Elpida Develops a 65nm-Process 1-Gigabit DDR2 SDRAM, World's Smallest Chip

Nov 07, 2007

Elpida Memory, Japan's leading global supplier of Dynamic Random Access Memory (DRAM), announced today that it has completed development of a 1-Gigabit DDR2 SDRAM based on new 65nm process technology. The 65nm process allows Elpida to create the world's smallest chip products.

"The new 65nm process and our own storehouse of design technology have made it possible for the 1-Gigabit DDR2 SDRAM to become the world's smallest chip," said Hideki Gomi, Officer of Process Technology. "Given the imminent transition from 512-Megabit to 1-Gigabit products, Elpida is now geared up to produce high-performance 1-Gigabit DRAMs at lower cost," he added.

In December 2006 Elpida started mass production of the industry's first DRAMs using 70nm process technology and has been realizing significant cost reductions. The 70nm process now applies to mass production at the Hiroshima Elpida E300 Fab and the Taiwan-based Rexchip Electronics Corporation joint venture.

A smooth migration to the new 65nm process is expected, as most of the manufacturing equipment now used in the 70nm process will also be used in 65nm production. In addition, the manufacturing transition will be made easier by the process development undertaken on the mass production line at Hiroshima Elpida.

Elpida successfully applied technological advances made possible using measurement data gathered from the mass production of the company's path-breaking 70nm process products to development of the new 65nm process.

Sampling of 65nm new products will begin in December 2007. Mass production is scheduled to start in the first quarter of CY 2008. The planned second-quarter introduction of 65nm technology at Taiwan-based Rexchip should boost production to even higher levels.

Source: Elpida

Explore further: New technology reduces size of spinal stimulator implants

add to favorites email to friend print save as pdf

Related Stories

Enhanced wireless technology for body implants and sensors

Jul 18, 2013

Body implants such as pacemakers and hearing aids have been used to counter organ dysfunction for decades. The WISERBAN project is making a giant leap in their development: aiming to provide smarter communications among such ...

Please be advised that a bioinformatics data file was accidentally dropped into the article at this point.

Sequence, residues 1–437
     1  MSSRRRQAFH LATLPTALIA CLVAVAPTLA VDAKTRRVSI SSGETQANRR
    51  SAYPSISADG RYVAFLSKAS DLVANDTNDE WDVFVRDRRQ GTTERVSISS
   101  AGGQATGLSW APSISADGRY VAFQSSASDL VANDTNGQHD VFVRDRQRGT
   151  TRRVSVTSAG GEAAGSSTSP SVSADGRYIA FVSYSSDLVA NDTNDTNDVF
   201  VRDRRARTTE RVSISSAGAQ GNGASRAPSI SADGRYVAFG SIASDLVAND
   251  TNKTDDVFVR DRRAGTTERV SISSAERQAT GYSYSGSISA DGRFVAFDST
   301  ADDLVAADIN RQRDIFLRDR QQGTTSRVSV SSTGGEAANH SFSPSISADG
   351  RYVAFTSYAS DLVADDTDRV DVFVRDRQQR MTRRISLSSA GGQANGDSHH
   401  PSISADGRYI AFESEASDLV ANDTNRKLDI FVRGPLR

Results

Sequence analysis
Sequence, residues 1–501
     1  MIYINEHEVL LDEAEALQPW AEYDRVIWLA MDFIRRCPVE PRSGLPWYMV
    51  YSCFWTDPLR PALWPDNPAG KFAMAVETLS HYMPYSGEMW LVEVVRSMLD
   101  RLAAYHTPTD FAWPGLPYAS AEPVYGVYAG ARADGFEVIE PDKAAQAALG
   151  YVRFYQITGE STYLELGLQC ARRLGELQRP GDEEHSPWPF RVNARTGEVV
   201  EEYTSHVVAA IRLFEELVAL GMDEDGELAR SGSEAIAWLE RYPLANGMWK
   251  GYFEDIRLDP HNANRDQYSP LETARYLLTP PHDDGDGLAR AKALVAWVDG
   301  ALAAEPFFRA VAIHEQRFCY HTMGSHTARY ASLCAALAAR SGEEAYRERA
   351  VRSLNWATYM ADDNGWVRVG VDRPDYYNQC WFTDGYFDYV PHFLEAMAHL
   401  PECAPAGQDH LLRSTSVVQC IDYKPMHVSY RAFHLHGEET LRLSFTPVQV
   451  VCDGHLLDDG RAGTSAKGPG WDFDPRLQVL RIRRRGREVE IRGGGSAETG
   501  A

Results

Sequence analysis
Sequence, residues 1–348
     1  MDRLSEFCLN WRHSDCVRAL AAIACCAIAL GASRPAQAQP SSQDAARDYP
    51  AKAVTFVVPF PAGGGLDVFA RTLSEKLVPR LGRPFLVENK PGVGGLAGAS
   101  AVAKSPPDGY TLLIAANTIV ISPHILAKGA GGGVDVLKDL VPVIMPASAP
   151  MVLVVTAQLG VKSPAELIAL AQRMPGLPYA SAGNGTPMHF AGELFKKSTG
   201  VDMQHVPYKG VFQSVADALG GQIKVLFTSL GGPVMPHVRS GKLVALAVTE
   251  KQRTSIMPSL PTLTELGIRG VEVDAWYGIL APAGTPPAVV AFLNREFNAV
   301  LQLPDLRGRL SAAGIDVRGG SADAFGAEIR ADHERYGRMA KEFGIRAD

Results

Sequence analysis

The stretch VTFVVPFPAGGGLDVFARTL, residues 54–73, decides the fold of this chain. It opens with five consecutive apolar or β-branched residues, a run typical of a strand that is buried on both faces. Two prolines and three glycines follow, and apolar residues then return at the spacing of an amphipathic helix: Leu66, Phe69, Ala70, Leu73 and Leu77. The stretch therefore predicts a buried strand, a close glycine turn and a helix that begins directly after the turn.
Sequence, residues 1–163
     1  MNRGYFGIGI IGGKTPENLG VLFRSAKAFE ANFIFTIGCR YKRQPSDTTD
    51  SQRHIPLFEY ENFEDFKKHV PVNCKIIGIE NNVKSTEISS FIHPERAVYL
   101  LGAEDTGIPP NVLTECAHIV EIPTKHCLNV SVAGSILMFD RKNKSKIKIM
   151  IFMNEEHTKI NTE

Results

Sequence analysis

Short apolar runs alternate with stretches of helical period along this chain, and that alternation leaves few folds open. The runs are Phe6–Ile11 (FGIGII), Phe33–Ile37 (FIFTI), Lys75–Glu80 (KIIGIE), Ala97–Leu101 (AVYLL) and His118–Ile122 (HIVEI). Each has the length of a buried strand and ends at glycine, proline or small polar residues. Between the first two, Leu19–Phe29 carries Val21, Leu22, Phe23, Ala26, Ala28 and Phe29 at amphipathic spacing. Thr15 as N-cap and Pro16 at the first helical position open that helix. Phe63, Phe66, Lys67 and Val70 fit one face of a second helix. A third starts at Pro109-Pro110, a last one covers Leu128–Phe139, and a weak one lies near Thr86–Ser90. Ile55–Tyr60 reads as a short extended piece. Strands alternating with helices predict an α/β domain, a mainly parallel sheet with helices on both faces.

Toshiba develops many-core SoC for embedded applications

Jun 15, 2012

Toshiba Corporation today announced the development of an innovative low-power, many-core System-on-a-Chip (SoC) for embedded applications in such areas as automotive products and digital consumer products. ...

Recommended for you

Form Devices team designs Point as a house sitter

21 hours ago

A Scandinavian team "with an international outlook" and good eye for electronics, software and design aims to reach success with what they characterize as "a softer take" on home security. Their device is ...

Man pleads guilty in New York cybercrime case

Nov 22, 2014

A California man has pleaded guilty in New York City for his role marketing malware that federal authorities say infected more than a half-million computers worldwide.

Dish restores Turner channels to lineup

Nov 21, 2014

Turner Broadcasting channels such as Cartoon Network and CNN are back on the Dish network after being dropped from the satellite TV provider's lineup during contract talks.

LiquidPiston unveils quiet X Mini engine prototype

Nov 21, 2014

LiquidPiston has a new X Mini engine which is a small 70 cubic centimeter gasoline powered "prototype. This is a quiet, four-stroke engine with near-zero vibration. The company said it can bring improvements ...

User comments : 0

Please sign in to add a comment. Registration is free, and takes less than a minute. Read more

Click here to reset your password.
Sign in to get notified via email when new comments are made.